The PhD Abstracts below were published in MSo Volumes 6, 7 & 8.

Empowerment and HIV Prevention among Women in Nigeria

The Relative Significance of Behavioural and Structural Determinants
Dr Oluwatosin Alo, University of Warwick
Aims: To explore why women in long-term heterosexual relationships in Nigeria are constrained in negotiating safe-sex and how the current interventions are limited. As the dominant ideology in HIV prevention, behavioural models support individual-level interventions and public health communications, drawing on the assumptions that lack of knowledge and individual’s attitudes to HIV are the main problems. However, as underpinned by social determinants theories, the key question raised is whether behavioural models adequately uncover the experiences of vulnerable women, given that they fail to take account of how contextual forces limit women’s ability to undertake safe-sex practices. Methods: This qualitative research was conducted with low and high socio-economic status women, low and high socio-economic status men, and local HIV/AIDS agencies. There were six focus group discussions and 29 in-depth interviews, involving 91 participants who were chosen purposively.

Results: First, this study reveals that the women’s inability to negotiate safe-sex was significantly conditioned by their social environments. In spite of their knowledge of HIV prevention, they were constrained by the fears of relationships breakup, economic insecurity, violence, and the difficulties in justifying why they feel the need to insist on condom use, especially since initiating condom use is antithetical to trust. Second, evidence suggests that women’s access to life opportunities (i.e. higher education and economic power) might be instrumental. However, it does not automatically constitute a direct means of empowering them to negotiate safe sex because of widespread culture of patriarchy.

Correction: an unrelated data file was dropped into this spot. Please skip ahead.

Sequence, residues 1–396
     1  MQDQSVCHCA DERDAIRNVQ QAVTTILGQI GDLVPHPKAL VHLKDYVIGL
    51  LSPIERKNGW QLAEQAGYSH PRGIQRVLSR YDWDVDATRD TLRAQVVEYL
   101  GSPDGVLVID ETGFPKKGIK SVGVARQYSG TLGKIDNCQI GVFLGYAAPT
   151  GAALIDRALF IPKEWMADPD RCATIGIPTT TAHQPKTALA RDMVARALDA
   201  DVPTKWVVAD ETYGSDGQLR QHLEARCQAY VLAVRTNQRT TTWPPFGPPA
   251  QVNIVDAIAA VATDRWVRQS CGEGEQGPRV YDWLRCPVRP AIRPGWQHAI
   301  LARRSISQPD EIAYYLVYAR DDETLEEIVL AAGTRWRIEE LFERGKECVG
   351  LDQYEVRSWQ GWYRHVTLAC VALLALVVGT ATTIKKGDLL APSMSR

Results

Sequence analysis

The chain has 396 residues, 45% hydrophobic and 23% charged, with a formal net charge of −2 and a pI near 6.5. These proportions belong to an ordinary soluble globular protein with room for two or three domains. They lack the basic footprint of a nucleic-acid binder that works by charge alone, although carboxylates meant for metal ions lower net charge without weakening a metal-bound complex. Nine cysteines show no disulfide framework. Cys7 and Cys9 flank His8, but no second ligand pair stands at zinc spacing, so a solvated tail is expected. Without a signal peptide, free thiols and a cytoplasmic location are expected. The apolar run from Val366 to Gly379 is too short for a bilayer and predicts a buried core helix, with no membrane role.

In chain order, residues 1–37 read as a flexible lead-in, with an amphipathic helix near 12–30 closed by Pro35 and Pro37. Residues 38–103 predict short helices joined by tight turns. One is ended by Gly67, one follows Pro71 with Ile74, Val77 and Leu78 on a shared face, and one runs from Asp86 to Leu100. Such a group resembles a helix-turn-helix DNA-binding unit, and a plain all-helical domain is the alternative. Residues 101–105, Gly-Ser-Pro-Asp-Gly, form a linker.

Conclusions: Policy and strategy on HIV prevention in Nigeria should not be confined to narrow mechanistic individual-level interventions underpinned by behavioural models, but should take a combination approach, focusing on how social, behavioural and biomedical factors overlap in promoting women’s disempowerments which run-counter to safe sex practices.

Dr Oluwatosin Alo

University of Warwick
alotosinige@yahoo.com



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Abstracts are published here as provided by the author and in the order in which we receive them.